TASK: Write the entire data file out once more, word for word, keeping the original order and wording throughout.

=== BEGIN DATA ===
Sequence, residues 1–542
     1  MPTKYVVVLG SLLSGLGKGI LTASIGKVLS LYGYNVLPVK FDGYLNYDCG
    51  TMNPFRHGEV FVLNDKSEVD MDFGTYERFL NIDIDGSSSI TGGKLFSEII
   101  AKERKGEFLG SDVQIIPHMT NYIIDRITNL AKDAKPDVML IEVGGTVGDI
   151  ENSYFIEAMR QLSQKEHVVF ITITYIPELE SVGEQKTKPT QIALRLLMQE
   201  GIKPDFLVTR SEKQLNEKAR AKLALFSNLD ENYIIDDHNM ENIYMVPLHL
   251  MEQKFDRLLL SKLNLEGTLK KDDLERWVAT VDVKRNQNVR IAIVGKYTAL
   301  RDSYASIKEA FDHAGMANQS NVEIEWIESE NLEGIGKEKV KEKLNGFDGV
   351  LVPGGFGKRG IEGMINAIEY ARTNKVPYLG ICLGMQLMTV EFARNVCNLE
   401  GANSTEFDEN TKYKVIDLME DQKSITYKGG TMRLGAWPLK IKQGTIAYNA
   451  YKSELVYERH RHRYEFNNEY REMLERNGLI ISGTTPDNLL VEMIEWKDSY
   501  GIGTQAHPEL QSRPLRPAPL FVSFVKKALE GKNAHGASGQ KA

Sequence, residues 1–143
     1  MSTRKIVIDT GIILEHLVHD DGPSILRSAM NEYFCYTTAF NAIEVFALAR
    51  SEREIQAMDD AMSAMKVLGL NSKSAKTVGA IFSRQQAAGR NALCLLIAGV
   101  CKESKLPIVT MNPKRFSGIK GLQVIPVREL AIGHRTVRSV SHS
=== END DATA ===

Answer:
Sequence, residues 1–542
     1  MPTKYVVVLG SLLSGLGKGI LTASIGKVLS LYGYNVLPVK FDGYLNYDCG
    51  TMNPFRHGEV FVLNDKSEVD MDFGTYERFL NIDIDGSSSI TGGKLFSEII
   101  AKERKGEFLG SDVQIIPHMT NYIIDRITNL AKDAKPDVML IEVGGTVGDI
   151  ENSYFIEAMR QLSQKEHVVF ITITYIPELE SVGEQKTKPT QIALRLLMQE
   201  GIKPDFLVTR SEKQLNEKAR AKLALFSNLD ENYIIDDHNM ENIYMVPLHL
   251  MEQKFDRLLL SKLNLEGTLK KDDLERWVAT VDVKRNQNVR IAIVGKYTAL
   301  RDSYASIKEA FDHAGMANQS NVEIEWIESE NLEGIGKEKV KEKLNGFDGV
   351  LVPGGFGKRG IEGMINAIEY ARTNKVPYLG ICLGMQLMTV EFARNVCNLE
   401  GANSTEFDEN TKYKVIDLME DQKSITYKGG TMRLGAWPLK IKQGTIAYNA
   451  YKSELVYERH RHRYEFNNEY REMLERNGLI ISGTTPDNLL VEMIEWKDSY
   501  GIGTQAHPEL QSRPLRPAPL FVSFVKKALE GKNAHGASGQ KA

Sequence, residues 1–143
     1  MSTRKIVIDT GIILEHLVHD DGPSILRSAM NEYFCYTTAF NAIEVFALAR
    51  SEREIQAMDD AMSAMKVLGL NSKSAKTVGA IFSRQQAAGR NALCLLIAGV
   101  CKESKLPIVT MNPKRFSGIK GLQVIPVREL AIGHRTVRSV SHS